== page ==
We’ve all been there, working in an organization that seems to be leaderless as you rarely see the Chief or members of his or her immediate staff and you respond to a series of Directives or Policies that make you scratch your head.
I have worked for Chief’s that bury themselves in seemingly meaningless activates, sitting in their offices emerging only when there is a major crisis or attending a Board or Council meeting and are seriously out of touch with their surroundings. Similar to the absent Chief, leaderless firefighters will do enough to get through the shift as well, while not contributing to the improvement of the Department, showing up and going home. Under a leaderless organization, the organization survives but doesn’t thrive.
The reason why leadership is necessary in the fire service is because there is a degree of incompleteness in the fire department paramilitary organizational design. Fire Department organizations cannot be designed to operate like a computer, which are simply turned on and allowed to run untouched. Effective leadership provides meaning and purpose to an organization by creating a vision of where the organization is going. There is also an organic component within the organization creating growth, life and social order making the organization grow and survive.
Leaders are needed to structure the tasks, decide who should do what, and delegate work assignments. Leaders help the people they lead to accomplish their collective goals and that of the department. Fire service leadership is necessary because the organization exists in a changing environment and as the external environment changes, leaders are needed to identify the strategic mission of the organization and help it adapt to its changing environment.
Fire departments as highly structured organizations have relatively clear lines of authority, stated objectives, and momentum to carry them to success regardless if they are career or volunteer. For managers to be effective, they need to be good leaders. However, not all leaders are good managers. Leadership more narrowly defined refers to influencing the behavior of others. Not all acts of influence, however, are necessarily acts of leadership. Although leaders may use force or coercion to influence the behavior of followers, leaders by my definition use their ability to induce voluntary commitment. By this definition, anyone in the organization can be a leader, whether or not that individual is formally identified as such.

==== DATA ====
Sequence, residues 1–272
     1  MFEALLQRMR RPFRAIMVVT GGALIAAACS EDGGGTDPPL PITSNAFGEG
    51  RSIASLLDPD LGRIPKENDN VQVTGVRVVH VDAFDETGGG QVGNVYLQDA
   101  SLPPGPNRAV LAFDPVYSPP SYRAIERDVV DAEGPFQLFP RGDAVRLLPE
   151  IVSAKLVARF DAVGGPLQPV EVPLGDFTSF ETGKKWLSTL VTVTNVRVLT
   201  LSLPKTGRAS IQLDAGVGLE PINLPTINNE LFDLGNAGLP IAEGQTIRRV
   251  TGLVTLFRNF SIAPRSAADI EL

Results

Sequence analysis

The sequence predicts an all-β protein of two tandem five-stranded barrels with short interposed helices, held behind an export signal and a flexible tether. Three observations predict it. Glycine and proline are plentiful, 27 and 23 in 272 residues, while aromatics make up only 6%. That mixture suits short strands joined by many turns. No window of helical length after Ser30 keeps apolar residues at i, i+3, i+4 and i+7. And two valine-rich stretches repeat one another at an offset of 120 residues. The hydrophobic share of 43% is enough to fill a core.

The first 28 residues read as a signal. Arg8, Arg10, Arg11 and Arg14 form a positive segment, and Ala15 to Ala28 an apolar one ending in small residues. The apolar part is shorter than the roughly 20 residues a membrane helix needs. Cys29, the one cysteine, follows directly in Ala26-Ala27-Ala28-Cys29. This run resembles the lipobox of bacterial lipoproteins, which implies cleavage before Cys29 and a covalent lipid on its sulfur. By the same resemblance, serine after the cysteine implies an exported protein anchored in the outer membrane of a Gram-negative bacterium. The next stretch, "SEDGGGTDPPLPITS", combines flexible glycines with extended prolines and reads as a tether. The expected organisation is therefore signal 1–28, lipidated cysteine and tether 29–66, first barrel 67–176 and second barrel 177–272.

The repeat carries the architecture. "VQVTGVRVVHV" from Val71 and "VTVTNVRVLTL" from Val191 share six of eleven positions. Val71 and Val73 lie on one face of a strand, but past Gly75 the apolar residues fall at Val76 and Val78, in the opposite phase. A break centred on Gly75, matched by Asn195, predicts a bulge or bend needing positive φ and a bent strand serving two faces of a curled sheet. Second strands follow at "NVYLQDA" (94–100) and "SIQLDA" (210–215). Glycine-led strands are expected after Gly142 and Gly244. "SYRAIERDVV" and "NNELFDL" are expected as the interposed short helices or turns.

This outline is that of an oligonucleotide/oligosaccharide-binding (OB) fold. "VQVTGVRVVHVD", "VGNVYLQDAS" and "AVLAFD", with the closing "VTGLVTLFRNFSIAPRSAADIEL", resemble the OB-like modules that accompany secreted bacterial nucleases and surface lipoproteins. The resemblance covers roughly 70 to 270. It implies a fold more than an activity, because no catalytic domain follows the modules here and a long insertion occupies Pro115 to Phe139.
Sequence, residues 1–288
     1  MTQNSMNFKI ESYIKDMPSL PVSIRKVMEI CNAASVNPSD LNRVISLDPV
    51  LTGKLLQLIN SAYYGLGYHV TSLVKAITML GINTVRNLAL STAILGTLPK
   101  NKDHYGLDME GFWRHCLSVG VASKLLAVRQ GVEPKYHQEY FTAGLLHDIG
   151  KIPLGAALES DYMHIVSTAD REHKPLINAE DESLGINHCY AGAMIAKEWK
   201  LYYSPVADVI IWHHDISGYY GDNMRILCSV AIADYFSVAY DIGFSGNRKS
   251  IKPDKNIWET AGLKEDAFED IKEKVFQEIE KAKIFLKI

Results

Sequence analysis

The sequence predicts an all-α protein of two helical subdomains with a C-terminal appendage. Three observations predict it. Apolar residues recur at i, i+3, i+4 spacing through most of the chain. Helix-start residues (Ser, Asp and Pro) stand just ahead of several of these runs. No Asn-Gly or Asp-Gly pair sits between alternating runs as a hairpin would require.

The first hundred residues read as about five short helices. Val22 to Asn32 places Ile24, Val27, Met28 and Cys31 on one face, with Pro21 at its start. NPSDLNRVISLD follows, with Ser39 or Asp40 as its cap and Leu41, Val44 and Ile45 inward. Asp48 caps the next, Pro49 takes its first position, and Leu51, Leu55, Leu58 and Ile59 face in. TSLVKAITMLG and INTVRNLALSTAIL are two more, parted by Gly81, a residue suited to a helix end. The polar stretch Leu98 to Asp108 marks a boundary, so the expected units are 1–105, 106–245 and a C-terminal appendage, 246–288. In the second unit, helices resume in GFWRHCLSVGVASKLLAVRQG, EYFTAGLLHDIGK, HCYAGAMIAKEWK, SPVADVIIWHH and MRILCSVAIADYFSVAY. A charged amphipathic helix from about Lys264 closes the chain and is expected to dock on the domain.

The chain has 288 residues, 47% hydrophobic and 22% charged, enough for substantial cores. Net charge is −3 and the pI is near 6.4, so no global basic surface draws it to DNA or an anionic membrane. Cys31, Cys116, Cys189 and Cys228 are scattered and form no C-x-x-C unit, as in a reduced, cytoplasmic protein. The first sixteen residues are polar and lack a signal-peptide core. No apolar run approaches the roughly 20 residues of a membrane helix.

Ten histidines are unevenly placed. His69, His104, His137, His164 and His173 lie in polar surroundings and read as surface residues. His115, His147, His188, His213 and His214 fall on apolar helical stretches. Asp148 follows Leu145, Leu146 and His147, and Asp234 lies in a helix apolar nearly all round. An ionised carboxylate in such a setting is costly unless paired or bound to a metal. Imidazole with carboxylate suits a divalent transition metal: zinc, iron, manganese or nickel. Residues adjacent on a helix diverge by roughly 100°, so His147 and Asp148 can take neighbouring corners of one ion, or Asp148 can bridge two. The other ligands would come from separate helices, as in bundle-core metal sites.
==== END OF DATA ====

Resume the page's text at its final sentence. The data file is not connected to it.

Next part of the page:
Therefore, informal leaders are extremely important to the effectiveness of most organizations. In the absence of such leadership however, leaders from below will emerge to take control of this leaderless enterprise and make things happen, wanting to create a thriving organization, not satisfied with status quo, will be self-motivated to “do something” to improve the current status of the organization and to actually improve the delivery system, services and image of the organization in the community.
These supposedly “leaderless” groups actually perform very well within the confines of their organization and success will spread to other groups or shifts within the organization. The question here is, can anyone step up to the plate and make a difference? The answer is yes, but unfortunately you must have some credibility within the organization to make “things happen” or otherwise your efforts may be wasted.
It is important that you recognize the situation that you are currently facing. The picture of inactivity and lack of progress may be presented differently. If you have this inactive Chief, it could be similar to the frog in water – slowly turning up the heat creates a sense of security and the frog eventually is boiled to death; however, placing the frog in boiling water, the frog will jump out. Recognize that strong action to the change the direction of your fire department has an element of risk for not only you but your supporters.
Some tools to consider when facing a leaderless environment: